https://www.dailywire.com/news/9-stars-who-scorched-cancel-culture

It’s unfair to say all of today’s stars either support or refuse to stand up to Cancel Culture.

Does 99 percent sound more accurate?

Today’s celebrity class routinely bends the knee to the woke mob, from smaller stars like Mario Lopez to A-plus listers like Halle Berry and Scarlett Johansson.

A few brave souls refuse to follow their lead. Their numbers are small, microscopic even, but they stand apart as artists who grasp Cancel Culture’s brutal consequences.

Theses stars are putting their professional necks out to smite Cancel Culture, and they all deserve respect for doing just that.

Matthew McConaughey

Mr. “Alright, Alright, Alright” seems an odd choice for this list. Yet his comments on the subject landed harder for just that reason. If a gallant Oscar winner, someone who rarely throws sharp elbows, has a beef with the woke revolution, it matters even more.

Where the waterline is going to land on this freedom of speech and what we allow and what we don’t and where this cancel culture goes, where that waterline lands is a very interesting place that we are engaged in right now as a society that we’re trying to figure out because we haven’t found the right spot,” he said.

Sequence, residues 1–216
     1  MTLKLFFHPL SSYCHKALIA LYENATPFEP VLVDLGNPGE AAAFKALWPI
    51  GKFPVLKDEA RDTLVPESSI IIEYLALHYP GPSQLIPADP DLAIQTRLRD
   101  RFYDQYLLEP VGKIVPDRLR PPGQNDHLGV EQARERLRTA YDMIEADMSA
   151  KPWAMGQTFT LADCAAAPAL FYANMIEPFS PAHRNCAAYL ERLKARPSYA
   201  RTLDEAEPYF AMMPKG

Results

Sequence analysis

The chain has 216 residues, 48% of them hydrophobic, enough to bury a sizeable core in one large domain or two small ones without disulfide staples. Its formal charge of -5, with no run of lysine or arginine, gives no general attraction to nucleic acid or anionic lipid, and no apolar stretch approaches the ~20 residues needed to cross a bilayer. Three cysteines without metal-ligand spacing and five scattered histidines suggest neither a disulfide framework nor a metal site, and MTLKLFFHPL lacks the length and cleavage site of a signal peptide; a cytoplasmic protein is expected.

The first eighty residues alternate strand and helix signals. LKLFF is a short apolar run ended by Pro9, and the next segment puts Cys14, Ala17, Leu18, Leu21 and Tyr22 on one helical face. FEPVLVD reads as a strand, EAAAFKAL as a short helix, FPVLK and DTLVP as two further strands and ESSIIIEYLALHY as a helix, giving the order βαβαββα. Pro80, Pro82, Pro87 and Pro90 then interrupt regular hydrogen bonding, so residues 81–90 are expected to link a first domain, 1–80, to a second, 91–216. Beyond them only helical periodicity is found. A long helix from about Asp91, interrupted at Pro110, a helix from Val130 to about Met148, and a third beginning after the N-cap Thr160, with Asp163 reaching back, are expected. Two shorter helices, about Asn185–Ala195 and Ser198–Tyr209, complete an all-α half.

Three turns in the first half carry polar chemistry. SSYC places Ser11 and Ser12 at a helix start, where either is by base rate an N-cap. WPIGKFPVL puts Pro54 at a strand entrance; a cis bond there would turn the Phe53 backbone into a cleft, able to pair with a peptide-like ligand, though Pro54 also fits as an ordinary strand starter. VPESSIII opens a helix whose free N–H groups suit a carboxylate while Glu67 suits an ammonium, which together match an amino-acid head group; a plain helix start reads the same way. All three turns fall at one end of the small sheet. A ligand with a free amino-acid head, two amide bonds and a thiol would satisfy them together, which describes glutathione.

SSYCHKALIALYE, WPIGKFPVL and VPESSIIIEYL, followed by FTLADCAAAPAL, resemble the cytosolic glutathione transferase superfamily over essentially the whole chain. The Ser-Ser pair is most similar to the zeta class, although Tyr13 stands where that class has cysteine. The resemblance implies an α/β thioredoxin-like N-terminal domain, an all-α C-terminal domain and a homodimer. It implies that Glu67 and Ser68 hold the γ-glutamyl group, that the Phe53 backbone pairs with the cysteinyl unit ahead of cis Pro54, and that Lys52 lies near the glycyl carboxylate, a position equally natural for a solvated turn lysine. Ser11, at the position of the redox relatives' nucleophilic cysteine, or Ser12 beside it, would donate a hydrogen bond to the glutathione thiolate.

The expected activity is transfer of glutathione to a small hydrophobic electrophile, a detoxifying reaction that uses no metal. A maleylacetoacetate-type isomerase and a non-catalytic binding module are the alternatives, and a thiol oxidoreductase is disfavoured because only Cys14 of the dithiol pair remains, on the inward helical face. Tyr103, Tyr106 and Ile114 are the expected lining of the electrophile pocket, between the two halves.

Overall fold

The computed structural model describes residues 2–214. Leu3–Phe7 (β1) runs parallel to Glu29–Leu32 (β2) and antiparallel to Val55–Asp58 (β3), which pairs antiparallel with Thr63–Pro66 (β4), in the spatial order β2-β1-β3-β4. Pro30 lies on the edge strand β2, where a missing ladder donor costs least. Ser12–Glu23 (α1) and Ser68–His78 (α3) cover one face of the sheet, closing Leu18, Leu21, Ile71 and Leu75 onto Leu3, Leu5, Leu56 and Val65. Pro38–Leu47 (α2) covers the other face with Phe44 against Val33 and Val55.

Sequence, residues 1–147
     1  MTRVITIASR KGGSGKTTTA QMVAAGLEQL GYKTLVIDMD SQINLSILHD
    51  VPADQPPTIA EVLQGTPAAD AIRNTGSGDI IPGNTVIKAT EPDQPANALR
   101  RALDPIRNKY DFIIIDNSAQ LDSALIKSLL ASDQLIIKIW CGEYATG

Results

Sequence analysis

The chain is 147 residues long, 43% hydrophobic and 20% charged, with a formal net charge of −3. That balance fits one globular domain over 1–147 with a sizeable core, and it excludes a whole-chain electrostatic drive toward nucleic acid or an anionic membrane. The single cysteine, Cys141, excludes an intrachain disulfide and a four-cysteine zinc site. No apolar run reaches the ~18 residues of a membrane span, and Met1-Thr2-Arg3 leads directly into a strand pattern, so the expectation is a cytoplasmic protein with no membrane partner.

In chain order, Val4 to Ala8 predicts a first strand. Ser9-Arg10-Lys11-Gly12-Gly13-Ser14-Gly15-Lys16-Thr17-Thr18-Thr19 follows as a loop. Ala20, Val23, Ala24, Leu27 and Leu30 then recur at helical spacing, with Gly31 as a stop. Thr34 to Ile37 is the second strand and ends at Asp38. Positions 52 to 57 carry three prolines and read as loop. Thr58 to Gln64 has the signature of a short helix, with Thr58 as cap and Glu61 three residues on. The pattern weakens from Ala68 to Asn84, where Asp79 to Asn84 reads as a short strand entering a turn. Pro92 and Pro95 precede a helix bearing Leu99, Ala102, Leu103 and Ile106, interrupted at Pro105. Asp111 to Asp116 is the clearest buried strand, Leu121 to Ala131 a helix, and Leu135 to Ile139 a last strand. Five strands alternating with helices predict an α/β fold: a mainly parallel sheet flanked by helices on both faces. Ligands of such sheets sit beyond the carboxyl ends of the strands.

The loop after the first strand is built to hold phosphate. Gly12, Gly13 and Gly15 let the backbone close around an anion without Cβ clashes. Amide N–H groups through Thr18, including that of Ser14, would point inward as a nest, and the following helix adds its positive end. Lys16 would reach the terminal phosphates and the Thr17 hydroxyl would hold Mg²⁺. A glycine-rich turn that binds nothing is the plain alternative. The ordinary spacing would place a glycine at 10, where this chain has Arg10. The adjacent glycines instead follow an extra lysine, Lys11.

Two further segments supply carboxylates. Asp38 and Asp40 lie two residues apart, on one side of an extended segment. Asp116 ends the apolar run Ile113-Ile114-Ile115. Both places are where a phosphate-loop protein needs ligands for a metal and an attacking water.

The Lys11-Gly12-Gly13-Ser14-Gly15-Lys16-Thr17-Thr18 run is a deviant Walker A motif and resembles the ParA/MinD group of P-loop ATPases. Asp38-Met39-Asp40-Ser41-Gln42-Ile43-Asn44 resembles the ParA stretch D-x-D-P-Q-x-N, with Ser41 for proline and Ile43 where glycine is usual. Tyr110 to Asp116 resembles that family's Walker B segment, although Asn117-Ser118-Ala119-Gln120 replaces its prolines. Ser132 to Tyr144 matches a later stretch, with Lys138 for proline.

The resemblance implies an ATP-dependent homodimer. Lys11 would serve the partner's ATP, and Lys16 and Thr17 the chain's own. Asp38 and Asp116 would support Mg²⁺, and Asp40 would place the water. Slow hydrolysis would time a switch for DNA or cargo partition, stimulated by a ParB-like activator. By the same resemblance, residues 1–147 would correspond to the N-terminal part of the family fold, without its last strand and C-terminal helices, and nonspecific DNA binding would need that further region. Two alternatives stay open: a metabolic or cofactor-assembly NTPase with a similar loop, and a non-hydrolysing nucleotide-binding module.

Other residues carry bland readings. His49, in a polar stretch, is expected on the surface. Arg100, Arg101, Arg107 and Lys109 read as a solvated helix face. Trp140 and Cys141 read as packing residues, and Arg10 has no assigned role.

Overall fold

“I would say we don’t have true confrontation right now,” McConaughey added. “And that means that actually in a way it’s sort of unconstitutional.”

McConaughey pushed further on the subject in a new conversation with Jordan Peterson — although just sharing time with the Canadian professor, a figure abhorred by the Left, could put McConaughey in Cancel Culture’s cross hairs.

“In the name of rehabilitation, we have to have a world in which we’re able to grow and evolve if that’s what we’re trying to do,” he said. “I’m not for repeat offenders or tyrants but if someone screws up and sincerely wants retribution, I think it’s fair to give it to those people.”

Bryan Cranston